WIT Press


SURFACE SUBSIDENCE FROM UNDERGROUND COAL MINING IMPACTING RESIDENTIAL HOUSING: A CASE STUDY OF RISK ANALYSIS, MITIGATION PROPOSAL AND ONGOING MONITORING

Price

Free (open access)

Paper DOI

10.2495/RISK180181

Volume

121

Pages

12

Page Range

209 - 220

Published

2018

Author(s)

BRETT A. POULSEN, BAOTANG SHEN

Abstract

Two subsidence events twenty years apart resulted in damage and destruction of residential housing near Ipswich in the state of Queensland, Australia. Led by the Australian governments, Commonwealth Scientific and Industrial Research Organisation, a research program was undertaken to determine the cause of subsidence, identify areas at risk, propose a stabilising technology and monitor the site. Site investigation including surface to void drilling, three-dimensional seismic survey, evaluation of historical mining data and interviews with ex-mine site personnel identified the most likely cause of subsidence as the over-stressing and failure of inadequately sized remanent coal pillars. It was concluded that water from the ongoing flooding of workings may have impacted pillar stability. A factor-of-safety evaluation of over 1,100 remanent coal pillars together with risk analysis of future surface subsidence was undertaken and identified another panel of the abandoned colliery that placed housing at unacceptable risk of future damage. An evaluation of bulk backfill identified a mitigation technology to ameliorate that risk. Continuous monitoring for over seven years by an instrument array of geophones, extensometers and piezometers has evaluated and reported the stability of strata overlying the colliery. This paper describes (1) the novel technique developed for evaluation of risk of surface subsidence for many hundreds of coal pillars accounting for the unique spatial and geometric attributes of every individual pillar. Included in the risk analysis study is water and time impacts on each pillars Factor of Safety (FoS); (2) mitigation technology developed for the stabilisation of pillars; and (3) the results of over seven years of strata monitoring.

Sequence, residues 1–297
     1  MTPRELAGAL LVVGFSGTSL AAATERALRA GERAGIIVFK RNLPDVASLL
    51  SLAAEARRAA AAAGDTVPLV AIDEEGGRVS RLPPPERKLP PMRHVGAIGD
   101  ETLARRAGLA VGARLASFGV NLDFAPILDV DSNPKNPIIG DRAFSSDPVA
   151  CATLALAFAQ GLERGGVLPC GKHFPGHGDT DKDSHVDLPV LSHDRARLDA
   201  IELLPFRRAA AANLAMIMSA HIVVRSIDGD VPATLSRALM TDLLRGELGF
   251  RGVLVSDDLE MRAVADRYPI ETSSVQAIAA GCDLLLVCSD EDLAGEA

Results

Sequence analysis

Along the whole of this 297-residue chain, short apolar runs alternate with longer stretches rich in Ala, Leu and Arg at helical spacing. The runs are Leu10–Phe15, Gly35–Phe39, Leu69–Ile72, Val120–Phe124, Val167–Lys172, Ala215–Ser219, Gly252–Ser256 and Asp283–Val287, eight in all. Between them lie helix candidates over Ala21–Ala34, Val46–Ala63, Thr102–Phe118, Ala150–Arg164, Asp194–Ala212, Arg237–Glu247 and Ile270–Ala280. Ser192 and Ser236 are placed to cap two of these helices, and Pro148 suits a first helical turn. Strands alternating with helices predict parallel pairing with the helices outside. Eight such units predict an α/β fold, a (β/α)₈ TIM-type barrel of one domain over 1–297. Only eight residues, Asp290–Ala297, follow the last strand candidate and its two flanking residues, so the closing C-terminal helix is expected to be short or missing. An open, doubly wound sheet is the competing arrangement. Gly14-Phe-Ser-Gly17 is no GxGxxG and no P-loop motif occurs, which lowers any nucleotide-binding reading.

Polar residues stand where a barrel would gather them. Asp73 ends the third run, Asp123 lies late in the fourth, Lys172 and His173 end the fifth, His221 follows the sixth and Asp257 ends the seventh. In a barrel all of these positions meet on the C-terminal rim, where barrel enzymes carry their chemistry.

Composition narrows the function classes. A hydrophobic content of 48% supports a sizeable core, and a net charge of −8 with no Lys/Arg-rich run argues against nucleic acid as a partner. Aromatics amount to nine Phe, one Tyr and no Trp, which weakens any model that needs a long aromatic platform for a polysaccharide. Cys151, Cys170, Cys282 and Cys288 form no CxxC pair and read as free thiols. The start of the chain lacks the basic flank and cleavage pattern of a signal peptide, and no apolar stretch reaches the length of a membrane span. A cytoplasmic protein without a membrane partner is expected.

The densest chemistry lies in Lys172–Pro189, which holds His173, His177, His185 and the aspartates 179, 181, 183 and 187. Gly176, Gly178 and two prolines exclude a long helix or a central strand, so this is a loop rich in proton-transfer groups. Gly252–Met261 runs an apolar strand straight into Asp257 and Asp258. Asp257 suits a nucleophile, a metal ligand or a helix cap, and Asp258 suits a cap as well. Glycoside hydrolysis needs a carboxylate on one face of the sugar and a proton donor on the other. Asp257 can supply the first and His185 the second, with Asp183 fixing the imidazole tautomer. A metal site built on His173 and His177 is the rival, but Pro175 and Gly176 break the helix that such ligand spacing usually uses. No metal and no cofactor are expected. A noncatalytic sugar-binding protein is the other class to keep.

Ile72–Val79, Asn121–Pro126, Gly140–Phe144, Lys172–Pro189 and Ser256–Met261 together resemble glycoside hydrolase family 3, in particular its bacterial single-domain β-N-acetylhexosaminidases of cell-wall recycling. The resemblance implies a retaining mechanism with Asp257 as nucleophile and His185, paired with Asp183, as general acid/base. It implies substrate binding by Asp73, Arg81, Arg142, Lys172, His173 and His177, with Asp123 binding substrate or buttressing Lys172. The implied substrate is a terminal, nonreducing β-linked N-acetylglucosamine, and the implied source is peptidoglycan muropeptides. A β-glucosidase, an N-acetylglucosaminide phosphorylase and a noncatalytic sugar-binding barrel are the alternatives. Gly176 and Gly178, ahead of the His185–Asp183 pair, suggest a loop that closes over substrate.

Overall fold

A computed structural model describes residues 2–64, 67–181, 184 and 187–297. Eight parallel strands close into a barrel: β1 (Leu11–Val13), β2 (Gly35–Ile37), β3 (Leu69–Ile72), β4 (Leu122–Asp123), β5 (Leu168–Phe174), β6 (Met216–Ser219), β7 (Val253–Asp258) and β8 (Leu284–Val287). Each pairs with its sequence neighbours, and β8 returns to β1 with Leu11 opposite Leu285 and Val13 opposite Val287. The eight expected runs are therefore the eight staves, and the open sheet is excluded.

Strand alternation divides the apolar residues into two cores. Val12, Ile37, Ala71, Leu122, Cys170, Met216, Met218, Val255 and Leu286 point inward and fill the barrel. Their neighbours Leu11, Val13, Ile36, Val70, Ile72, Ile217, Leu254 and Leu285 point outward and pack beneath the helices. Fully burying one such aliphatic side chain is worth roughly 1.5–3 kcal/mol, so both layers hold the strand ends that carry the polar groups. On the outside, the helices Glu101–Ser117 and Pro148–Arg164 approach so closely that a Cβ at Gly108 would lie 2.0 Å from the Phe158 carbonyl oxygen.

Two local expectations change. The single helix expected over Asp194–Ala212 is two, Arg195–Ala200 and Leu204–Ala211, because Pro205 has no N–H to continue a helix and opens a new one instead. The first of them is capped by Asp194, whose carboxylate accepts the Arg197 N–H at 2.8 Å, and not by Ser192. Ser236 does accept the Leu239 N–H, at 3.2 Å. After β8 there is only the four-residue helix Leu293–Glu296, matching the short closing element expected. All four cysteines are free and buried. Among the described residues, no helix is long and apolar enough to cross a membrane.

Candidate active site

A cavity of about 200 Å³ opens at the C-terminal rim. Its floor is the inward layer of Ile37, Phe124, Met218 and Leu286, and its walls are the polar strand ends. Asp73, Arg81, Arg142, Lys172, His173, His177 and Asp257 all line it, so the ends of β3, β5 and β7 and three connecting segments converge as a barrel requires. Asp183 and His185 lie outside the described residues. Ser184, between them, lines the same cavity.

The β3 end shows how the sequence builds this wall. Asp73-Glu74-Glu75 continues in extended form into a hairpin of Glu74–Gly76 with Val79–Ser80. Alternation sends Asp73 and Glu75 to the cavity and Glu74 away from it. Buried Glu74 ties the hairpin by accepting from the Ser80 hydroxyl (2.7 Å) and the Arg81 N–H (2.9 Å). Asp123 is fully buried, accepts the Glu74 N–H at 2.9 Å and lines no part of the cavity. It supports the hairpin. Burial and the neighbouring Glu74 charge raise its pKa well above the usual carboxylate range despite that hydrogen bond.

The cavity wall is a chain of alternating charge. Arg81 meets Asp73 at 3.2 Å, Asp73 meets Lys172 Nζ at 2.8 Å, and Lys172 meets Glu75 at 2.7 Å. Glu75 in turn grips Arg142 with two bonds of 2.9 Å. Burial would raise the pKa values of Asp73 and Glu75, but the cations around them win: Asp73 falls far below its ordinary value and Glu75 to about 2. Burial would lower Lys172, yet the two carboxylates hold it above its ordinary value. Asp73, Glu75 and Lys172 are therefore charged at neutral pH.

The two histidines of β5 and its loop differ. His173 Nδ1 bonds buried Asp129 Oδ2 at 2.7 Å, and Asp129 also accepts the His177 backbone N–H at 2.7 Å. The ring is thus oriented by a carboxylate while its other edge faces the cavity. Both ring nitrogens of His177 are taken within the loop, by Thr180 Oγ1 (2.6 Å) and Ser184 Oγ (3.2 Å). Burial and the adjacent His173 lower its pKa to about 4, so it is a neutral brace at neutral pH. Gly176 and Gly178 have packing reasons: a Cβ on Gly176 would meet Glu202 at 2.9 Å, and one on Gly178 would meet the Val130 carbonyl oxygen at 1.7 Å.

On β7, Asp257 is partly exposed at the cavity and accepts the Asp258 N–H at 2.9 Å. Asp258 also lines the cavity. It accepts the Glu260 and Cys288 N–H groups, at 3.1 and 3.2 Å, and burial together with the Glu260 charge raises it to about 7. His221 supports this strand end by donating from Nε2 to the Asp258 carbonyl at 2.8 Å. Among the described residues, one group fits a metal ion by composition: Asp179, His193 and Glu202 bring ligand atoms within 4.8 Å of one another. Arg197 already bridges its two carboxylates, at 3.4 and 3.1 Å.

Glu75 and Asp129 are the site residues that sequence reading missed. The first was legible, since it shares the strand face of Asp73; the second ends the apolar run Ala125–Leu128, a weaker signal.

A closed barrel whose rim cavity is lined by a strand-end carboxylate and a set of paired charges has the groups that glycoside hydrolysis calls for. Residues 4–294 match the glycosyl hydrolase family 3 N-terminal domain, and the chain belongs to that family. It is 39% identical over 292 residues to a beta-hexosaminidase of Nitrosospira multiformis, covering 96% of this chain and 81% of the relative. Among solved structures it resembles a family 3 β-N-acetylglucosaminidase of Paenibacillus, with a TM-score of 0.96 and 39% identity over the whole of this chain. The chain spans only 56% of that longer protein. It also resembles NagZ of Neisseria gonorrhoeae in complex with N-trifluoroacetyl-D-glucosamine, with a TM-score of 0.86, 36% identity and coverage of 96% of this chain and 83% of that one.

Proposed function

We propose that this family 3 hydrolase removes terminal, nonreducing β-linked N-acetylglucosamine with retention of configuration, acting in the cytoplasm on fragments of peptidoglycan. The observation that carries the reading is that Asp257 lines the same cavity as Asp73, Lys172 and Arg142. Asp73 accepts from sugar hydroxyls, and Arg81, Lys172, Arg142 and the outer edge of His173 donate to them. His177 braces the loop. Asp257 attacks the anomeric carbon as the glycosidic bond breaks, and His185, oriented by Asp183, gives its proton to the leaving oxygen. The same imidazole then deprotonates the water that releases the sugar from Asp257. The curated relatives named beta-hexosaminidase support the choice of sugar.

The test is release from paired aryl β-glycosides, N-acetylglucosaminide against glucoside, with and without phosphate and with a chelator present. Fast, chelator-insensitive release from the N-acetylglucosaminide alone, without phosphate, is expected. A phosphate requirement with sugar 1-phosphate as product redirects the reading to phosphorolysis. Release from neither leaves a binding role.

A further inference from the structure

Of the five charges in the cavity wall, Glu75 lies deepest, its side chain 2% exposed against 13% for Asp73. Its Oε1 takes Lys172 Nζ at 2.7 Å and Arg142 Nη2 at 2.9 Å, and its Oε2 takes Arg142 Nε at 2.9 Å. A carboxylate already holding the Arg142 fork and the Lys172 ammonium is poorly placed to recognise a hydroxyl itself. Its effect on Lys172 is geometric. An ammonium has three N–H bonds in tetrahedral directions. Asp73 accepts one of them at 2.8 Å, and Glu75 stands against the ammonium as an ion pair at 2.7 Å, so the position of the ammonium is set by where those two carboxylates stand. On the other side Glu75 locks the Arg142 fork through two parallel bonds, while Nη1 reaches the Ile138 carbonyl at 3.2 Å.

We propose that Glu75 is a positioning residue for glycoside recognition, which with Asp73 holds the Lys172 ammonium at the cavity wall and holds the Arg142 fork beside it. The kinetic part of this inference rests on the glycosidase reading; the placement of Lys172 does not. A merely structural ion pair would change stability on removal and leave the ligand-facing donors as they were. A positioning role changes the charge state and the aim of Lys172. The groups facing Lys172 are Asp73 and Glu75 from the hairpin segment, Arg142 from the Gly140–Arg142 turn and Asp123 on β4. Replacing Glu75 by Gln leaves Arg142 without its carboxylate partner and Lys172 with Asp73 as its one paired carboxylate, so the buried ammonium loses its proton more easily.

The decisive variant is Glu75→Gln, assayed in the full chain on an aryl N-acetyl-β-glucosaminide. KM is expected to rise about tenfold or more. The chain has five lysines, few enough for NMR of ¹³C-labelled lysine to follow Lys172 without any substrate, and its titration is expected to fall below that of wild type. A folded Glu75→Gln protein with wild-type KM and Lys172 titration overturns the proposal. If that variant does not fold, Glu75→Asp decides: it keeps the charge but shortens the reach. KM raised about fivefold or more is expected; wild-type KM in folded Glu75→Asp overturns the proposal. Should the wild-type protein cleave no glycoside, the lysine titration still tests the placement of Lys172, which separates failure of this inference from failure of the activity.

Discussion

Keywords

coal mining, surface subsidence, risk analysis, ground monitoring, bulk backfill